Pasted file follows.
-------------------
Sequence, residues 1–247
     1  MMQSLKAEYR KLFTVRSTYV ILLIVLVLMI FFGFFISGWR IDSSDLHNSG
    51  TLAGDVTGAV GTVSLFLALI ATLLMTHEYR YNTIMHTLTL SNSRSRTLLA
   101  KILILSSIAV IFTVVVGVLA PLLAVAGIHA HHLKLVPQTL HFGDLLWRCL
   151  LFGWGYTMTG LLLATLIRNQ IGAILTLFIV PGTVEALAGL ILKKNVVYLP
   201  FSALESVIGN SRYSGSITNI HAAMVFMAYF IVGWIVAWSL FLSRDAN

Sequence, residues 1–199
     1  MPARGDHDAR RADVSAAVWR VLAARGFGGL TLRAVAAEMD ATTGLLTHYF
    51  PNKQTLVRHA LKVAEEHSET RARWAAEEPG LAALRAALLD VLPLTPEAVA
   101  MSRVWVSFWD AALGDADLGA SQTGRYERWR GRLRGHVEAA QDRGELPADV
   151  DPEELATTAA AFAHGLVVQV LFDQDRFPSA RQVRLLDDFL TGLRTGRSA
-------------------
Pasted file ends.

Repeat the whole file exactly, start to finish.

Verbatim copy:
Sequence, residues 1–247
     1  MMQSLKAEYR KLFTVRSTYV ILLIVLVLMI FFGFFISGWR IDSSDLHNSG
    51  TLAGDVTGAV GTVSLFLALI ATLLMTHEYR YNTIMHTLTL SNSRSRTLLA
   101  KILILSSIAV IFTVVVGVLA PLLAVAGIHA HHLKLVPQTL HFGDLLWRCL
   151  LFGWGYTMTG LLLATLIRNQ IGAILTLFIV PGTVEALAGL ILKKNVVYLP
   201  FSALESVIGN SRYSGSITNI HAAMVFMAYF IVGWIVAWSL FLSRDAN

Sequence, residues 1–199
     1  MPARGDHDAR RADVSAAVWR VLAARGFGGL TLRAVAAEMD ATTGLLTHYF
    51  PNKQTLVRHA LKVAEEHSET RARWAAEEPG LAALRAALLD VLPLTPEAVA
   101  MSRVWVSFWD AALGDADLGA SQTGRYERWR GRLRGHVEAA QDRGELPADV
   151  DPEELATTAA AFAHGLVVQV LFDQDRFPSA RQVRLLDDFL TGLRTGRSA